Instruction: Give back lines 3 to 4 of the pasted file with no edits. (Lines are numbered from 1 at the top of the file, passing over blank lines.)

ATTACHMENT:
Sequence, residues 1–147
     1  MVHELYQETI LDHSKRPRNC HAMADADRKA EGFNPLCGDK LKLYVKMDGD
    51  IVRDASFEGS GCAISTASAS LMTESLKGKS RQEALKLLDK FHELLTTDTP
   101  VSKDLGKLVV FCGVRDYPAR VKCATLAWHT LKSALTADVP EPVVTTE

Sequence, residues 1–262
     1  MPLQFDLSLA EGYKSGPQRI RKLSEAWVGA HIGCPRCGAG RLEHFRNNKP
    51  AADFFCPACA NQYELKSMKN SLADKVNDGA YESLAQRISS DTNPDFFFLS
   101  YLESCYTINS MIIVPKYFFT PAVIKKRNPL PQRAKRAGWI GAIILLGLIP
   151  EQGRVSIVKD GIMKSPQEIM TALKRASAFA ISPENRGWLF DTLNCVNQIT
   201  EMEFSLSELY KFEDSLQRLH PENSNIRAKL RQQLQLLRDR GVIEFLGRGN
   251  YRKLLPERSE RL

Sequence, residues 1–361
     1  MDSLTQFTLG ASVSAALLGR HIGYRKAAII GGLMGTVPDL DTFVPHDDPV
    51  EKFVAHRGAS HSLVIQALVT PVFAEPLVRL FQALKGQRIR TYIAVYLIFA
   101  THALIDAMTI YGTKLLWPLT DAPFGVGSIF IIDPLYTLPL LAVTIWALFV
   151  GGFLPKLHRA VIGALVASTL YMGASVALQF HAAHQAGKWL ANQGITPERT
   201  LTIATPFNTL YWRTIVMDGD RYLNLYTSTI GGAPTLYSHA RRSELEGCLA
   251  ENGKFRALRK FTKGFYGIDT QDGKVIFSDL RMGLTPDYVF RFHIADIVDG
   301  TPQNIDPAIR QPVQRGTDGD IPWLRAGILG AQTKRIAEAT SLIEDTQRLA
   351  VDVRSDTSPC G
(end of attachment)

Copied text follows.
    51  IVRDASFEGS GCAISTASAS LMTESLKGKS RQEALKLLDK FHELLTTDTP
   101  VSKDLGKLVV FCGVRDYPAR VKCATLAWHT LKSALTADVP EPVVTTE